|Home The Net Comics Links Stories Buy Stuff|
1995 Fools: Microsoft Time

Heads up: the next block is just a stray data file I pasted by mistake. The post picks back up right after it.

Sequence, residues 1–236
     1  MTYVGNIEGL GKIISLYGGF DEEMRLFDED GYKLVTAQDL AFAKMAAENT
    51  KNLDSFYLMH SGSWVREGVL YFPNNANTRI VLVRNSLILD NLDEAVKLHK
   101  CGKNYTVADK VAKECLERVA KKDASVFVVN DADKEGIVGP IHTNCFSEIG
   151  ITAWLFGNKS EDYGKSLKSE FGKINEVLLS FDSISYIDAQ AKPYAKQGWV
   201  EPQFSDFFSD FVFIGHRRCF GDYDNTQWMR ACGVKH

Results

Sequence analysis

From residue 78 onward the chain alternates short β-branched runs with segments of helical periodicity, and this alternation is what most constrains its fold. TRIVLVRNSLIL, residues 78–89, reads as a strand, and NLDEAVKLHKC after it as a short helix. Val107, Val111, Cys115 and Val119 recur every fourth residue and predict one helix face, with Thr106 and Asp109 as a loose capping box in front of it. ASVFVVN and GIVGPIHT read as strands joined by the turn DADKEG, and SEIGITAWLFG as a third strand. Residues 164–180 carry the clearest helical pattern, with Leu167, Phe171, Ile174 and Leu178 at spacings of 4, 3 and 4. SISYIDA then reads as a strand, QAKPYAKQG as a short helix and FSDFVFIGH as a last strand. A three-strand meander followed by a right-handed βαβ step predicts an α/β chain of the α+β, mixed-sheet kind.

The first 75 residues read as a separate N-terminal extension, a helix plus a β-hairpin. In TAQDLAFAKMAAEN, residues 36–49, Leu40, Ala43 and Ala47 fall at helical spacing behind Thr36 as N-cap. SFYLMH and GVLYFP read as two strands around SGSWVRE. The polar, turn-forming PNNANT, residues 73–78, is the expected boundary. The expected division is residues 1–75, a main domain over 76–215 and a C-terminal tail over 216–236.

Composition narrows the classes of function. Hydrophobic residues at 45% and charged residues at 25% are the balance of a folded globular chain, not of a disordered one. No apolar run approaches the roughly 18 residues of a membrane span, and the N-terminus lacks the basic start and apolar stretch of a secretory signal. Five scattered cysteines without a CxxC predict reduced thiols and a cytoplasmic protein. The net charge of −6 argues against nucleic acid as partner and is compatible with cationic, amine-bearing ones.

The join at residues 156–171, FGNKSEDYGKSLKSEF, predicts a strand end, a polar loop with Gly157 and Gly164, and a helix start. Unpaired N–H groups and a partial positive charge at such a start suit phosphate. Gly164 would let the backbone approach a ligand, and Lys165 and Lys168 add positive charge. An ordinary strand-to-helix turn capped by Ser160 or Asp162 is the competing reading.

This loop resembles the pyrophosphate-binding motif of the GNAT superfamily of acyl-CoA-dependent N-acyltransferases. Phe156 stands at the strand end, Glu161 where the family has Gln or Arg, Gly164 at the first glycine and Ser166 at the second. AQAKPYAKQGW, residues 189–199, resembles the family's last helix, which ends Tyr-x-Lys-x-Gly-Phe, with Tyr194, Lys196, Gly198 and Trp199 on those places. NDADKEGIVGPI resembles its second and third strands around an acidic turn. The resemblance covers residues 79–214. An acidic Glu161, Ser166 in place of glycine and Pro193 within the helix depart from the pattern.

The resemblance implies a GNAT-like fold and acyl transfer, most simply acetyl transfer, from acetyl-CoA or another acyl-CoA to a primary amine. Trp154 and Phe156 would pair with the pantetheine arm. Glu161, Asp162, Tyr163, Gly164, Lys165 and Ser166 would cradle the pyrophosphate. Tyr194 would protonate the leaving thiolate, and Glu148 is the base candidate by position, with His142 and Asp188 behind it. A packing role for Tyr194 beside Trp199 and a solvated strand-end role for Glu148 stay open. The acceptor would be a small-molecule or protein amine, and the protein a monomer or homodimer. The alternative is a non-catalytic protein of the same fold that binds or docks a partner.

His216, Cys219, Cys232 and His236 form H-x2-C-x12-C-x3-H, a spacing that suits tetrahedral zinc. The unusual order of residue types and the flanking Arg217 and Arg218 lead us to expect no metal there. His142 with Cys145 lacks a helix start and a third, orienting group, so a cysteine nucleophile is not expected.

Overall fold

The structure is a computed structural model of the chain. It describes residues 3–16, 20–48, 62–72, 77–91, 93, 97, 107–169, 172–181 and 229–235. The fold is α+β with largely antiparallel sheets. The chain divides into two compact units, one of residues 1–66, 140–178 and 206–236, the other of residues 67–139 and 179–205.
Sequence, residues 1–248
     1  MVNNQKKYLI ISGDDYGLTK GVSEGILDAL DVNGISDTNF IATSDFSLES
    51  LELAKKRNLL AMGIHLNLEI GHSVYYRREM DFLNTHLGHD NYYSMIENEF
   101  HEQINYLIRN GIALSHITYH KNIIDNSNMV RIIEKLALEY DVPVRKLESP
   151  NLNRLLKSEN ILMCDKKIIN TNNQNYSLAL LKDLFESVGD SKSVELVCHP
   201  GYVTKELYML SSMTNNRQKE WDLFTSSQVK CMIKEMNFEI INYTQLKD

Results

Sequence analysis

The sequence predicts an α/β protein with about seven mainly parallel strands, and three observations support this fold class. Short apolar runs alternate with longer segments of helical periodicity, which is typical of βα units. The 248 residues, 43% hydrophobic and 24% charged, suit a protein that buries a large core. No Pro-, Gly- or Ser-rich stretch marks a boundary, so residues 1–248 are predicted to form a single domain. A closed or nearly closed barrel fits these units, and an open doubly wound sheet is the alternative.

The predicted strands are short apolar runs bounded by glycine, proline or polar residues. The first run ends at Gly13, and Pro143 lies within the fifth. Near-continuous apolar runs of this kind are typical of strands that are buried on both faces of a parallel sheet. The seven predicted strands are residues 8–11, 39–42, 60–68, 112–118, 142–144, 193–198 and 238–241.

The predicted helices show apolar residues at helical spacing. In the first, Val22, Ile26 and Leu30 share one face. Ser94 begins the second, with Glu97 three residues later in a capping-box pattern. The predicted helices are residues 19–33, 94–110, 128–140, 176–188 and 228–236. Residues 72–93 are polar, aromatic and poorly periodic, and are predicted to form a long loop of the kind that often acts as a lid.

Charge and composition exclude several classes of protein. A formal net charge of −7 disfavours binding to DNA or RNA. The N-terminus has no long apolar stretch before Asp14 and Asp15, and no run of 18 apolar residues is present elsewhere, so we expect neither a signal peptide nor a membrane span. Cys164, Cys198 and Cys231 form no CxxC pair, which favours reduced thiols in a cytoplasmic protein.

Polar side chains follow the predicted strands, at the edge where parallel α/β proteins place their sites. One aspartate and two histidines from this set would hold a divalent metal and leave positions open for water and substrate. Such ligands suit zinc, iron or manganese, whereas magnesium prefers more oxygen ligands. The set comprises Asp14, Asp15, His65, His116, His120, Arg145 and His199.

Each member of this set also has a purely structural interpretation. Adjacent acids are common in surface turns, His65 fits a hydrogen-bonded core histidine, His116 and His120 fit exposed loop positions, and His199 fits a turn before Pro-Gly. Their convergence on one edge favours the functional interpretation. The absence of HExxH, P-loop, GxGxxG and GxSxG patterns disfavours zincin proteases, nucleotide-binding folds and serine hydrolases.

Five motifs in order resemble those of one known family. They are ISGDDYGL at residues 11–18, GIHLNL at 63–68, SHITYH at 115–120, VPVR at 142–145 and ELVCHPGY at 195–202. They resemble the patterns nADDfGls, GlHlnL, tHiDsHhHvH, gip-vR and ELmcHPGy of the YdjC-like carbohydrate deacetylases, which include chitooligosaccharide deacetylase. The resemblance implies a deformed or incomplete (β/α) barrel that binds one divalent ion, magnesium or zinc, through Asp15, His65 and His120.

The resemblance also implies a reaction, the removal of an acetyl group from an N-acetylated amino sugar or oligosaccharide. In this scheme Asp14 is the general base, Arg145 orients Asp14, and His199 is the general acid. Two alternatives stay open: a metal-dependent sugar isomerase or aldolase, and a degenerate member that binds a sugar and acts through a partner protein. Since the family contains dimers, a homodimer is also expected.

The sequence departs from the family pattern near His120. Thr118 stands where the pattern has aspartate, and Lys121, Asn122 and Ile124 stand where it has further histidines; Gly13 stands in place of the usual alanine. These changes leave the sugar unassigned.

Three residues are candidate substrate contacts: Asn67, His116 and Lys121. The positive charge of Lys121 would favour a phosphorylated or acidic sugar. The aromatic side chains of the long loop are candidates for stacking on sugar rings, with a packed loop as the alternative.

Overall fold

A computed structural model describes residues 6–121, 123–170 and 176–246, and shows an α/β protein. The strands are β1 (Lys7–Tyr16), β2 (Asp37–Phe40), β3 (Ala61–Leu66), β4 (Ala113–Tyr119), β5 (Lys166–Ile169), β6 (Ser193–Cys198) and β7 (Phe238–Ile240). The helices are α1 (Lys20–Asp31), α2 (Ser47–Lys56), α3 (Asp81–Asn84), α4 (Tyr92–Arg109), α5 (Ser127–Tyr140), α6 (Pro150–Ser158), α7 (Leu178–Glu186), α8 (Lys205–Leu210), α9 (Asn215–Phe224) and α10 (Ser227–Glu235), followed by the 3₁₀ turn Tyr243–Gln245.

30-MAR-95, GENEVA, SWITZERLAND. Microsoft's recent purchase of a 25% stake in the Motorola developed "Iridium" global mobile telephone system, and their two year-old "Memorandum of Co-Operation" with the US National Physics Laboratory were put into perspective today at a meeting in the Palexpo exhibition center in Geneva, Switzerland. At the invitation-only event at the 37th Clock & Watchmakers Convention, William Gates II, president of Microsoft Corp. (Redmond, Wash.), announced an agreement with Intel Corp. (Santa Clara, Calif.), Motorola Inc. (Scottsdale, Ariz.), Casio Corp. (Tokyo), Swatch AG (Biel/Bienne, Switzerland), Rolex AG (Bern, Switzerland) and the US Government, on the establishment of a new universal standard for time measurement for use with Personal Computers (PCs), clocks, watches, Personal Digital Assistants (PDAs) and mobile communications systems. A number of production and prototype products and tools were demonstrated that make use of the new standard. Microsoft's new Time standard - known as MSTime - was developed in co-operation with the International Standards Organisation (ISO) and is claimed to remove the need for national and local time zones, solves problems with poor PC time-keeping, and even looks ahead to deal with time-dilation effects associated with space travel. Gates informed the meeting that MSTime will allow the synchronisation of Chinese, Moslem and Western calender systems, and will automatically adjust for irregularities in the rate of rotation of the Earth. MSTime signals will be broadcast on Motorola's "Iridium" global mobile telephone system, the US Government's Global Positioning System satellites, from radio beacons in various national centers, and via Microsoft's new on-line network. A new Microsoft designed PC card, incorporating a short range radio transmitter, will be made available, at low cost, to provide further local distribution of the MSTime signal from the Microsoft Network. Many computer applications, Gates claimed, will not function beyond the year 2000 - current Microsoft Operating System (OS) architectures are only good until (variously) 2078 and 2099. MS supplied software libraries for MSTime will allow software developers to write new programs, or recompile old ones, that will function correctly indefinitely. Since Microsoft is keen to see the MSTime standard adopted as soon as possible, it will be providing these libraries on a free of charge or royalties basis. An MSTime Software Development Kit (SDK) is already available, and contains routines for seamless re-synchronisation of time-zones and for scheduling changes of time-passage. Once the MSTime infrastructure is in place, Gates claimed, travellers will never again need to adjust their watches. Timepieces and computers compatible with MSTime will carry an "I'm on MSTime!" logo. Latest watches from Rolex, Swatch and Casio, displayed at the meeting, are able to switch their display between Universal, Local and Very Local Time-zones. Very Local Time (VLT) was originally envisaged to deal with the time dilation effects associated with high-speed travel. These effects, first described by physicist Albert Einstein, are exhibited when one of two identical clocks is taken on a high speed journey, after which the two clocks show differing times. As speeds increase the differences are more pronounced. Gates claims that the VLT-mode of MSTime provides continuous synchronisation of the two clocks, thus removing the problems and potentially embarrassing time-dilation effects experienced by high-speed travellers. However, as Gates pointed out, VLT-mode will also allow individuals and communities the freedom to live at speeds and times that best suit their attitudes and beliefs. The first PC version of MSTime will be bundled with the latest version of Microsoft's successful "Windows" computer operating system - Windows'95. Further updates will be issued via the recently inaugurated Microsoft Network. As Gates told the meeting: "Keeping your version of MSTime current is going to be pretty crucial if you want to keep up with the competition, or even meet your customers on time!" Gates claimed that Microsoft itself has been using MSTime internally for the last year - and that the results have been very encouraging. The first public release of MSTime is reported "well on schedule for launch at the end of 1994".